Malcolm Shabazz and Malcolm X: The Honor and Burden of Being a Namesake
It can take close to a day to get from Manhattan to the Clinton Correctional Center in upstate Dannemora, New York. I vividly remember the long journey nearly a decade later, riding in a small prop plane, boarding a bus, hopping a ferry and then renting a car – all in order to have a face-to-face interview with Malcolm Shabazz, the grandson of Malcolm X.
We’d become pen pals through his attorney months before, and he’d regularly send me long, hand-written letters that sometimes included cherished photos of the grandfather he’d never met but clearly idolized in every way. I’d decided to visit him so I could return his precious family photos and discuss what he thought the future might hold for him once he was released from prison.
In prison, he said, other convicts left him alone because he was Malcolm X’s grandson. At the time that I met with him, young Malcolm had spent about half of his life behind bars for a slew of petty crimes but most notably, for the one action he’d never be able to escape: setting the fire that killed his grandmother, Betty Shabazz.
As we sat there in the visiting room that day for hours, the then 19-year-old with a slight build and mild manner spoke candidly about his beloved grandmother and the worst night of his life. He explained that Betty was indeed his best friend and that one of the pictures he’d sent to me of his grandfather was the one she’d given him because it had a funny back story. Malcolm X had a prominent gap in his teeth, and when he could finally afford to get them capped he couldn’t stop looking at himself in the mirror, and Betty had snapped a picture of him doing just that. Young Malcolm loved that story and his grandmother Betty loved telling him it to him when he was a child. There was nothing young Malcolm loved more than hearing about his grandfather and no one was better equipped at telling stories about Malcolm X than Betty.
He wanted me to understand that he wasn’t the troubled and disturbed kid described in all the newspaper accounts. When he set that fire in the back of his grandmother’s apartment in 1997 he thought his best friend would run outside to safety since her room was near the front. His 12-year-old mind never considered that a grandmother would run towards the back of the home to save her grandchild. He wanted me to understand that he’d set the fire so he could be sent back to live with his mother again, not to harm his grandmother.
I relived much of our conversation yesterday morning when news emerged of young Malcolm’s violent death on the streets of Mexico City at the tender age of 28 – a year or so younger than his grandfather had been when he first met Betty, 11 years younger than his grandfather had been when he was assassinated. Shabazz was in Mexico to meet with a labor activist and lend his name to the cause, no doubt attempting to follow in the footsteps of his namesake. It remains unclear if there was a dispute over an unpaid bar bill or just a general disagreement with another person. What is clear is that young Malcolm died, alone.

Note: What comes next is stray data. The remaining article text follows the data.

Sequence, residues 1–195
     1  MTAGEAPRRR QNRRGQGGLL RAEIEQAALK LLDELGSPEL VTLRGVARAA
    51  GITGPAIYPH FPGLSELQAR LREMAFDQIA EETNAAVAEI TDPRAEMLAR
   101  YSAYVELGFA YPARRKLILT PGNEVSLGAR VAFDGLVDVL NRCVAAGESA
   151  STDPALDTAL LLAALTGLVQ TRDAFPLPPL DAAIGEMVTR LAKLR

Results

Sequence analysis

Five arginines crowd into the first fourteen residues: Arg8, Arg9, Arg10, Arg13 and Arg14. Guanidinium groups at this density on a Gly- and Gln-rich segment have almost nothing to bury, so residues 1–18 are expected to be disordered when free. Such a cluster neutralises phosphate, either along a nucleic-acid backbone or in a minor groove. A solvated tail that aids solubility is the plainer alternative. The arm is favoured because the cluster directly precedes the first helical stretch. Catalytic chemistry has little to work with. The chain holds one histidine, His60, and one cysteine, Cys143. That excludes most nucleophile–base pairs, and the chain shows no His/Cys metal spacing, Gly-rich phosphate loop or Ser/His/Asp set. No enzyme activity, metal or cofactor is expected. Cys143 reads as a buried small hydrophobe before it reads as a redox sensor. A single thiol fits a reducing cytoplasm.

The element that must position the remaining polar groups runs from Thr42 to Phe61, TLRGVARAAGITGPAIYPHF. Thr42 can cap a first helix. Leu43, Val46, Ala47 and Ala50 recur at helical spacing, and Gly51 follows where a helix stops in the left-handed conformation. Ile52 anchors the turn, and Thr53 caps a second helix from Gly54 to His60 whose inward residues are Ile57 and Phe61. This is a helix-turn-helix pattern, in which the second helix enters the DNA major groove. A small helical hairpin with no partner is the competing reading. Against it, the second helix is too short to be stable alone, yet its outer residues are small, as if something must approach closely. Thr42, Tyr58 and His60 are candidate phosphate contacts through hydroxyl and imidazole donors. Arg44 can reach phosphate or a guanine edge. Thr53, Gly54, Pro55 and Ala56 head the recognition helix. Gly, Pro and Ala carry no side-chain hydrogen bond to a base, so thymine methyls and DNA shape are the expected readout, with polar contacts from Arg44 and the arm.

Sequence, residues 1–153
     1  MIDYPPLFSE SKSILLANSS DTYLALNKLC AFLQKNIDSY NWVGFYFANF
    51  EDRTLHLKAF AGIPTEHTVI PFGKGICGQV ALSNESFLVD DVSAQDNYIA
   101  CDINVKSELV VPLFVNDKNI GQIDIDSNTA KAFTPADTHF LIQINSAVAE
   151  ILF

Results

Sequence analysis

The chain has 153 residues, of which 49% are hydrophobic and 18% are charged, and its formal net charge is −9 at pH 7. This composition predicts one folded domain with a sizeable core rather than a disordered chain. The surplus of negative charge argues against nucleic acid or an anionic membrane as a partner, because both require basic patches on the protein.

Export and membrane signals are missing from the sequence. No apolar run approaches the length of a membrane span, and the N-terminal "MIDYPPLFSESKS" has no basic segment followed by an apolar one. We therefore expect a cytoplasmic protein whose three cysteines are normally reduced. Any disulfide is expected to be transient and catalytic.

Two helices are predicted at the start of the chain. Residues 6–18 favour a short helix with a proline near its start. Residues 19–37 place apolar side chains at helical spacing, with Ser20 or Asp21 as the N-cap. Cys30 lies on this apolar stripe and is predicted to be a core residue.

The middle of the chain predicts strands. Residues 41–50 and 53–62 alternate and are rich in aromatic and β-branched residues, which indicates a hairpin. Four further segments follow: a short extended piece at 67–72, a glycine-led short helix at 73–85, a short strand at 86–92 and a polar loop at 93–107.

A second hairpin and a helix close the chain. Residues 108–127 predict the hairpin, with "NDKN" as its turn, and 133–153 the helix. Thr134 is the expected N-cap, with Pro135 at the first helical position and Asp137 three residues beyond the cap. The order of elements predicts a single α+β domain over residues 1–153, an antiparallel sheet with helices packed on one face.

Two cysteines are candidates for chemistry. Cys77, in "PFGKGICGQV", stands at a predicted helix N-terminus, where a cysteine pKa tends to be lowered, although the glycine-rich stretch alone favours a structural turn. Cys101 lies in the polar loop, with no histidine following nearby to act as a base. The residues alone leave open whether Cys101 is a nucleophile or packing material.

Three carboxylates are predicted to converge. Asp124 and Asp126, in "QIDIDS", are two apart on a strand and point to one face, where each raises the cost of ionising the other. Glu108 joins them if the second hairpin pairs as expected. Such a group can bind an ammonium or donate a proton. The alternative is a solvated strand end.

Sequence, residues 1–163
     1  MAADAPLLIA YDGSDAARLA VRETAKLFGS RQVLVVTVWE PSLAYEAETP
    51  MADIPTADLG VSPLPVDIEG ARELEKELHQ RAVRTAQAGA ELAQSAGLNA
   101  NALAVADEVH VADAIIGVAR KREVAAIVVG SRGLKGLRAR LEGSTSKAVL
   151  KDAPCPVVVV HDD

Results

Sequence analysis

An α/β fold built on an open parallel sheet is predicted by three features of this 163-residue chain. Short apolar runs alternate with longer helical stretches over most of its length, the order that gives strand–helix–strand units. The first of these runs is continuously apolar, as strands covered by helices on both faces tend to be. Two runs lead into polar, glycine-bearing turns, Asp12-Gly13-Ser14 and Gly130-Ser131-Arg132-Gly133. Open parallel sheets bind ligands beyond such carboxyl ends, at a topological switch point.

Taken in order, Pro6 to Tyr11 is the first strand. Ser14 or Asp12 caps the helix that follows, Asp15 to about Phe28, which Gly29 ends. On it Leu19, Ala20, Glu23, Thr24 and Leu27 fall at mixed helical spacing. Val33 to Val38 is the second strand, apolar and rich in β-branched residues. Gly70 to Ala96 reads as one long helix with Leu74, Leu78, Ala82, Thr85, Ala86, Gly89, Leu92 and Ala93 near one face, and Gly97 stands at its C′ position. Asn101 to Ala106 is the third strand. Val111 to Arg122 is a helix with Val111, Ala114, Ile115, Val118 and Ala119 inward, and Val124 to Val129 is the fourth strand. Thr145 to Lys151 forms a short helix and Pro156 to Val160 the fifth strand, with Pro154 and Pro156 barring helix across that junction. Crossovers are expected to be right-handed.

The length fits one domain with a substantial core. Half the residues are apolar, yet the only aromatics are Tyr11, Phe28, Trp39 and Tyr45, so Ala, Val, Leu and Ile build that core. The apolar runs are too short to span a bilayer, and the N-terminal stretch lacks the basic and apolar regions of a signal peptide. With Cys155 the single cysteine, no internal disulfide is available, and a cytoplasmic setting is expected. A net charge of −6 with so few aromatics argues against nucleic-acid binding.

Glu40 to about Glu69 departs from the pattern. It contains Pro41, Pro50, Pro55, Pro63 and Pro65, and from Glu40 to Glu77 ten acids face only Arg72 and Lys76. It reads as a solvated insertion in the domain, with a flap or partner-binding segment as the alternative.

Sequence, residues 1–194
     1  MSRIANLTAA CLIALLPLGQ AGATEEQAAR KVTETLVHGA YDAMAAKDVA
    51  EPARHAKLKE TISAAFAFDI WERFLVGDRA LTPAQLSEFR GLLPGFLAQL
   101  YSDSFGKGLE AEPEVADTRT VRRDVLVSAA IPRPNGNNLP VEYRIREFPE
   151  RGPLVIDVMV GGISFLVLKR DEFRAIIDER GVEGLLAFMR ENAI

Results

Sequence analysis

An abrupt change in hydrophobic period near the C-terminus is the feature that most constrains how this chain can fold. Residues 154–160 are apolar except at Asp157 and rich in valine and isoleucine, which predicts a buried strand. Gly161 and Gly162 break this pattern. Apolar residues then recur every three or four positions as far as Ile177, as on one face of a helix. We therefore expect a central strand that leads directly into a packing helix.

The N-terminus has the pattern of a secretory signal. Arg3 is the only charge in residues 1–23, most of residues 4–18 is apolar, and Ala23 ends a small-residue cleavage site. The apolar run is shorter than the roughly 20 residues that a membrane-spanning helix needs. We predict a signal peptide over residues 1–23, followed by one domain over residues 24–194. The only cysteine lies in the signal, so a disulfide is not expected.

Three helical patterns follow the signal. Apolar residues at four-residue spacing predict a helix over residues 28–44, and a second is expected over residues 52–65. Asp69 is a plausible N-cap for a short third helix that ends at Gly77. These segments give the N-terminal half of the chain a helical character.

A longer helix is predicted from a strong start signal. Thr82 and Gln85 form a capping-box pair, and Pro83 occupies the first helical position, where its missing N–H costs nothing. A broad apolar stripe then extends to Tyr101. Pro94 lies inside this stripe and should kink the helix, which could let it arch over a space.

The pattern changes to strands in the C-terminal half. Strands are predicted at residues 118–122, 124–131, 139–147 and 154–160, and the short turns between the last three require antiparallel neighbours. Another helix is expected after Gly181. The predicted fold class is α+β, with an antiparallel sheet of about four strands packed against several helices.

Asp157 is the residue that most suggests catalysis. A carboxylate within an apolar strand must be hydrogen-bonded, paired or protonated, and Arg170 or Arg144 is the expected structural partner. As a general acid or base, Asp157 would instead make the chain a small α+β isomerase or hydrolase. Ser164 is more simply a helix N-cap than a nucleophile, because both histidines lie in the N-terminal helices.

Even when he was behind bars, young Malcolm had plans for a future he never doubted he’d have. Plans for college, world travel and of making amends to those family members who hadn’t been able to forgive him for the fire he set as a boy, that took the life of the family’s matriarch.
By all accounts, he was well on his way. Enrolled at John Jay College, Malcolm frequently traveled the world to speak at universities and elsewhere about his grandfather and the responsibilities of a new generation – his generation – to give back and promote change. His website indicates he was preparing to write a book about his life and experiences, and friends and family say he was embracing his role as a father.
But their hopes for a bright future may have been wishful thinking. The Shabazz family suffered greatly after the death of Malcolm X in 1965. Unlike the family of Dr. Martin Luther King Jr., Malcolm’s family received little financial aid after his death from the community at large and struggled greatly with those who misinterpreted his legacy.
All six of his daughters were present when he was violently shot dead on a New York stage before a speech and the impact of that day would haunt the family for generations. Young Malcolm’s mother Qubliah would later be implicated in a plot to murder the Minister Louis Farrakhan, whom she considered responsible for her father’s death.
Wounds that deep rarely heal completely, if ever, and the lasting damage would have a traumatic affect on the first male heir of the revered icon. Carrying the name Malcolm was an honor he wore proudly, but also a heavy load for a young man to carry, and from birth. Maybe it was too much to believe there would be a happy ending.
The Shabazz family released a statement Friday, saying that young Malcolm was now resting in the arms of his grandparents. I had to smile thinking of him being reunited with his best friend again and finally having the opportunity to meet for the first time the man who’d been the center of his entire world.